Your kids aren't special...and you aren't either.
By IntheBlackConsulting on June 09, 2012
I have a new hero, and his name is David McCullough, Jr. an English teacher from an affluent Massachusetts town. He gave the commencement speech to the graduating class, and he debunked a belief that helicopter parents have mistakenly believed for the past twenty years.
He told them they aren't special.
He told them that contrary to popular belief, even if they are one in a million, there are 6.8 billion people on this planet, which would mean there are nearly 7,000 people just like them. I don't know where this self-important, whiny baby bullshit parenting mentality came into play, but I am so SO glad that someone finally called people out on it.
If everyone gets an award, then the meaning of that award is lost. Not everyone can be a winner, or there is no winner. No one is going to respect you or your child if you show up to their first interview with them, call their college professor for failing them, or always assume that your perfect little angel couldn't possibly have messed up. Kids are assholes. They do stupid things. Your job as a parent is to help them not do the stupid things again, NOT to tell them that everyone else is stupid for not fawning over their every breath. Your child isn't cuter than every other child, your child isn't smarter than any other child, and no matter how many tens of thousands of dollars you spend on teams, travel teams, extra trainers, etc, your kid isn't going to play for the insert sports team here. Because for every one talented kid in each and every town, there are thousands more like him/her all over the country. All over the world.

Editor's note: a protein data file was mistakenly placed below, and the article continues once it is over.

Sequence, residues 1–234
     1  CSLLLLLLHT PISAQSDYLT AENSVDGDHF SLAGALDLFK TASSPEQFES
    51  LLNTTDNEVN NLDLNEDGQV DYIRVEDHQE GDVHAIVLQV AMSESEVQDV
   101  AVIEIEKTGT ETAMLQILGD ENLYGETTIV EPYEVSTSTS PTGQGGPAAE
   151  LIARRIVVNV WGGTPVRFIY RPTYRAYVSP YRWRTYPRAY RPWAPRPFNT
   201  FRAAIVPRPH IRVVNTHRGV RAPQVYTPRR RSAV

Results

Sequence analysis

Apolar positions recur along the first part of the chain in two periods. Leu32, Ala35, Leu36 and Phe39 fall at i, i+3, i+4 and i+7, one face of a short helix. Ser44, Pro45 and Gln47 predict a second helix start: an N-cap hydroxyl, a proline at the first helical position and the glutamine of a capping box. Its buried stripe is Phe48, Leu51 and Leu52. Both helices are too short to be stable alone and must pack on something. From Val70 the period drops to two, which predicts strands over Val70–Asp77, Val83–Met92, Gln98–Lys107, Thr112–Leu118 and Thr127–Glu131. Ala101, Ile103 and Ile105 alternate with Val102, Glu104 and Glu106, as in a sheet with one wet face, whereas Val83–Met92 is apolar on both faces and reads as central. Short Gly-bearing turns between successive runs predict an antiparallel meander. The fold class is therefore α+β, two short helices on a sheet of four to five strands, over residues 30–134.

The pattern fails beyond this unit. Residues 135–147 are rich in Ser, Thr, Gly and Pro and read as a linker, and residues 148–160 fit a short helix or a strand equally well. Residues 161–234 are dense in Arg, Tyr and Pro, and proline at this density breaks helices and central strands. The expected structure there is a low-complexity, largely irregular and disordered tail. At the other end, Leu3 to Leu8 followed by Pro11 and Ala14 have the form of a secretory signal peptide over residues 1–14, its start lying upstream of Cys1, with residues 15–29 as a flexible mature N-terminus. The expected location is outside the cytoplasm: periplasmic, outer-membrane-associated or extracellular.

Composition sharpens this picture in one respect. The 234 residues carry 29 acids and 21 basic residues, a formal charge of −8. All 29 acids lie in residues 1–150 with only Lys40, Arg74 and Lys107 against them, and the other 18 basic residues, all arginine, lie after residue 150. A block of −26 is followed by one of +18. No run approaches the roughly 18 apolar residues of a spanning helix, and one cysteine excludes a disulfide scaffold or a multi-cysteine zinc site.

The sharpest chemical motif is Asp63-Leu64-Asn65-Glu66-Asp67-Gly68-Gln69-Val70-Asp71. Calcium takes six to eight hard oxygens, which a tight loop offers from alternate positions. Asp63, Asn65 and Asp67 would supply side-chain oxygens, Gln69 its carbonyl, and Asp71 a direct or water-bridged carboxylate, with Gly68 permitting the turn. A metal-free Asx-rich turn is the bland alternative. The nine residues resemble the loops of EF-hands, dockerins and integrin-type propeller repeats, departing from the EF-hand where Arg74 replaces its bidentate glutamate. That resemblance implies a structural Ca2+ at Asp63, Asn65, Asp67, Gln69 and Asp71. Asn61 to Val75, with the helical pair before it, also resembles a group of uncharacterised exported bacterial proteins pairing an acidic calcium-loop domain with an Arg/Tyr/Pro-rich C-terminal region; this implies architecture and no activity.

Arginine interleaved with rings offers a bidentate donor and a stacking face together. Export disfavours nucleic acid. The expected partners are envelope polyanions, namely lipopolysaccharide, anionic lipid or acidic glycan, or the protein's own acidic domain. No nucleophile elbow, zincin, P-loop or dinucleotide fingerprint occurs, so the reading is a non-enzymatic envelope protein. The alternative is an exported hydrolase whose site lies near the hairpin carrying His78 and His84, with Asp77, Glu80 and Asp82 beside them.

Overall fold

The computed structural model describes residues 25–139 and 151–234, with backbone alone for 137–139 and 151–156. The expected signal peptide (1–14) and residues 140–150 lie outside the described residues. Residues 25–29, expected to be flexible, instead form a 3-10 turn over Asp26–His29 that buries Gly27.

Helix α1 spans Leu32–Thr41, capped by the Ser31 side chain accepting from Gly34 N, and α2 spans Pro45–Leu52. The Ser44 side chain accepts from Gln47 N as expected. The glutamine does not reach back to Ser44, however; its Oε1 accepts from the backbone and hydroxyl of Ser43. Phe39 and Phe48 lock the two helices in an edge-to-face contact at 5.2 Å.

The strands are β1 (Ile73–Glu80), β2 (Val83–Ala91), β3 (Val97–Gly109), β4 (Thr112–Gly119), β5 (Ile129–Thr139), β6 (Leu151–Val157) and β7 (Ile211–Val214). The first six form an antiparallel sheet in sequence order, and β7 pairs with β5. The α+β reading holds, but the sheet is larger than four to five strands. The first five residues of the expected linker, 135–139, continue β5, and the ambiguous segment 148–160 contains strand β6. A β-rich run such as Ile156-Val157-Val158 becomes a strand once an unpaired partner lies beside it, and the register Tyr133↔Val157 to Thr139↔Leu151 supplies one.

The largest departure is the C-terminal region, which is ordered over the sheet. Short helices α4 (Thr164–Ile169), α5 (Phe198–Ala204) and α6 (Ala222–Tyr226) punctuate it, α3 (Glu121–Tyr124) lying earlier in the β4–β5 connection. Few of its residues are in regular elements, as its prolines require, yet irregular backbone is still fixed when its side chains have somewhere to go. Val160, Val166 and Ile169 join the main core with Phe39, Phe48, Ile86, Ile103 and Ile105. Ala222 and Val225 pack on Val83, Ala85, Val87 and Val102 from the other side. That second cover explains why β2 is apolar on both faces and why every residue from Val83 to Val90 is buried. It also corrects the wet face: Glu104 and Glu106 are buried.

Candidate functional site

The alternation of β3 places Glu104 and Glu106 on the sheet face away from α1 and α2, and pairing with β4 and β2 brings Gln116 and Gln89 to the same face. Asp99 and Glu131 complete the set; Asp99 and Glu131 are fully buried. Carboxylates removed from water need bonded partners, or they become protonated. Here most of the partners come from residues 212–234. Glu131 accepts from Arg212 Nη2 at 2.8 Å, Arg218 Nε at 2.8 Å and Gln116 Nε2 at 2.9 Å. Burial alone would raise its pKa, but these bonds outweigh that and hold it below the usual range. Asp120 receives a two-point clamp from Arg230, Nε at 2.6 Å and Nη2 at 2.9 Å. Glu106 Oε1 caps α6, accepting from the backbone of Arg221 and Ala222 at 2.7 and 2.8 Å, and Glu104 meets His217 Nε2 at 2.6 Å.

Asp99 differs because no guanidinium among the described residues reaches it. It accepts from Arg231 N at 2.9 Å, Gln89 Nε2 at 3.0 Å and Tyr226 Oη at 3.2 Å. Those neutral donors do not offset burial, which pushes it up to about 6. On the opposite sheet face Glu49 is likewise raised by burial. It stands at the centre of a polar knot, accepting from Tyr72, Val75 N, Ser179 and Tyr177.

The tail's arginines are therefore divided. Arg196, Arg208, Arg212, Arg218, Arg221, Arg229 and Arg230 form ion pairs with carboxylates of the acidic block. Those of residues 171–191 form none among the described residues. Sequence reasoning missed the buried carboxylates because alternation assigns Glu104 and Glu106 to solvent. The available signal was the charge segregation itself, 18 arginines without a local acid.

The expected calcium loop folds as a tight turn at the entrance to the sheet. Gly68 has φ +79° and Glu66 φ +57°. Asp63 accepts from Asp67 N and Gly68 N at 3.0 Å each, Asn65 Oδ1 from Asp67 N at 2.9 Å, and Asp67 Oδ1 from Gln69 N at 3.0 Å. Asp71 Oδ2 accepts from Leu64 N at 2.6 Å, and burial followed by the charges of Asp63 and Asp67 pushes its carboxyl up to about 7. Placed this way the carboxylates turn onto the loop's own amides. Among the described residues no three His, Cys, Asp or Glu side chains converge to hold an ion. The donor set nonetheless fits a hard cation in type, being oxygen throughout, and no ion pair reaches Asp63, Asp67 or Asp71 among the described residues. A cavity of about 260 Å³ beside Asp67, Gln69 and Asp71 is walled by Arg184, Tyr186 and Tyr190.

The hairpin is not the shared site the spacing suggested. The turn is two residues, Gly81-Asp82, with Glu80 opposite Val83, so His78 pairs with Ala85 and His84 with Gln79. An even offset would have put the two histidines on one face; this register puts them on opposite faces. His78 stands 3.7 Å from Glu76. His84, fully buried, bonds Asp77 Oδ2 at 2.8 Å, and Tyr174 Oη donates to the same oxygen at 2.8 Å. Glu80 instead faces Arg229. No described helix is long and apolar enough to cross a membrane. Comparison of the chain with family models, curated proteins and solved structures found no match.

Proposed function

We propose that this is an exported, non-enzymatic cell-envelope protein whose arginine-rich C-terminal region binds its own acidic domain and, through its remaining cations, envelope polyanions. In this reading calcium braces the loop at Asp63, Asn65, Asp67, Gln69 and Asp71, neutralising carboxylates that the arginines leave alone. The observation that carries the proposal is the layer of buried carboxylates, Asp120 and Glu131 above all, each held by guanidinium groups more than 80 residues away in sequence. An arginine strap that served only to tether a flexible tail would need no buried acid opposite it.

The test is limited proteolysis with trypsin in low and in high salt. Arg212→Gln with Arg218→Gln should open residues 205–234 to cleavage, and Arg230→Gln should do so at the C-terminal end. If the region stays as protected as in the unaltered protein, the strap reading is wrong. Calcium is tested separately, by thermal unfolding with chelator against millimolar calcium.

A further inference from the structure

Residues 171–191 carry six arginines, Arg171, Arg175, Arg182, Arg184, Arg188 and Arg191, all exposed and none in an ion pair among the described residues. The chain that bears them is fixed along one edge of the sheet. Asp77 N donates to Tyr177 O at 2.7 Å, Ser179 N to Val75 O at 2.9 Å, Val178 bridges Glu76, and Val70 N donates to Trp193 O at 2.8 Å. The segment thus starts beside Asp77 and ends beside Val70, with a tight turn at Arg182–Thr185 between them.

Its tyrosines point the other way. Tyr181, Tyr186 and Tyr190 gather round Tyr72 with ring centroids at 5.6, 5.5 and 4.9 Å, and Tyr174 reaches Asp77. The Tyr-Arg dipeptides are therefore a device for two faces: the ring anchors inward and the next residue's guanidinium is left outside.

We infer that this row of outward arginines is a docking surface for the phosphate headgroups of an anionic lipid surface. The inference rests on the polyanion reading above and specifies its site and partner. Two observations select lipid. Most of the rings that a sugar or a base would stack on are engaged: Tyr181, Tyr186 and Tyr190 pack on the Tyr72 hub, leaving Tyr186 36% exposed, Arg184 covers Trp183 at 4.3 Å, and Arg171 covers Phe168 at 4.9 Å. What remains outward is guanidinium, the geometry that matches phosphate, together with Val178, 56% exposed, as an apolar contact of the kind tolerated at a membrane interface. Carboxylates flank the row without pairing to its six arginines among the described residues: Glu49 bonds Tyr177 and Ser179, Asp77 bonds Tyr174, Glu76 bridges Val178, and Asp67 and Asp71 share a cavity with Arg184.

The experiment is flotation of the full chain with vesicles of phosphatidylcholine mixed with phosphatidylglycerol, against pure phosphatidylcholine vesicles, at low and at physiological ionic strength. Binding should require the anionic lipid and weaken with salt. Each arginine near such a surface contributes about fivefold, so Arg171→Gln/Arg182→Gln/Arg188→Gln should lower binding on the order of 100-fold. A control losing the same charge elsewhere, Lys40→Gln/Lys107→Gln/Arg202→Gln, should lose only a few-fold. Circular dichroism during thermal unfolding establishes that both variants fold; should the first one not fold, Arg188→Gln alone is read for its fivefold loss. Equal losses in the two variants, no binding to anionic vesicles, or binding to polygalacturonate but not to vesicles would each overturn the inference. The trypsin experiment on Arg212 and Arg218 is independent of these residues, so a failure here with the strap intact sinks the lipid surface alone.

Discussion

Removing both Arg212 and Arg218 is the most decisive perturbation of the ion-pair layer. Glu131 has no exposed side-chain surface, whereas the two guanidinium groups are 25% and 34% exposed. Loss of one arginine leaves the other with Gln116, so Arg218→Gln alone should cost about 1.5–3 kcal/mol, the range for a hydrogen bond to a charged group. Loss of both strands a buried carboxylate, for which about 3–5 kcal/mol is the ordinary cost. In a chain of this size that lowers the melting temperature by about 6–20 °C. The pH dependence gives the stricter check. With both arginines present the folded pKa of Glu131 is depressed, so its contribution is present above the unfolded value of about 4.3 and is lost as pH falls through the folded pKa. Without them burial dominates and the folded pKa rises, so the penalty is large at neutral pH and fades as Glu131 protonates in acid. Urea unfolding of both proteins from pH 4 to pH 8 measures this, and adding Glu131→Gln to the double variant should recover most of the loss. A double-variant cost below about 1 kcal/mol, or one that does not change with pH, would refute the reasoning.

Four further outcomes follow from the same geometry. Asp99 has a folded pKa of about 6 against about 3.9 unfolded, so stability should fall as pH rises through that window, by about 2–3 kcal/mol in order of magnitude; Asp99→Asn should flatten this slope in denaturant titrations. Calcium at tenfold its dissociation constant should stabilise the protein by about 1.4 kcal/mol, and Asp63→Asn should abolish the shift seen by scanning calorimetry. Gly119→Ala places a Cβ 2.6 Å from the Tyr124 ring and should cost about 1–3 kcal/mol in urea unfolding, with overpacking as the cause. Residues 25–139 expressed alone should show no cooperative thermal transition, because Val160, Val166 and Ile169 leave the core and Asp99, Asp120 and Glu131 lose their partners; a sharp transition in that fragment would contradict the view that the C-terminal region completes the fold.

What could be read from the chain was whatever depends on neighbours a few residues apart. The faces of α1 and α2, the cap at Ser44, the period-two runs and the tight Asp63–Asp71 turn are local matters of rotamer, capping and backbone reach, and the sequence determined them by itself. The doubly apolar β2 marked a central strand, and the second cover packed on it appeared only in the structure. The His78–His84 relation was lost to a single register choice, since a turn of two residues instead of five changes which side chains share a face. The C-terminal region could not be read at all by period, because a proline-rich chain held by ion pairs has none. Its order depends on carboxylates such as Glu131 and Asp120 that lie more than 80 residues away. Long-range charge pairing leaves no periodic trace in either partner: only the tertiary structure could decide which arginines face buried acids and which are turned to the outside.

We are parents, not personal fan clubs for our children. If you coddle your precious little darling throughout their entire lives, they will just end up disappointed when people laugh in their faces in the real world. Now am I a cold, heartless beast who leaves her children to raise themselves? Absolutely not. Do I let them figure out their own way sometimes instead of doing it for them? Yes. Because the world is not a fluffy, perfect rainbow filled place, and they will need those skills someday. There are bullies on the playground, and there are bullies in the grown up world. There are teachers we don't like, there are co-workers we don't like. There are consequences to our actions, at every single age. It's part of living life, and it's time that American society stepped up to the plate. So rock on Mr. McCollough, Jr., and I hope the people who are too busy whining about how you dared speak blasphemy about their little babies don't overshadow the standing ovation you certainly deserve.
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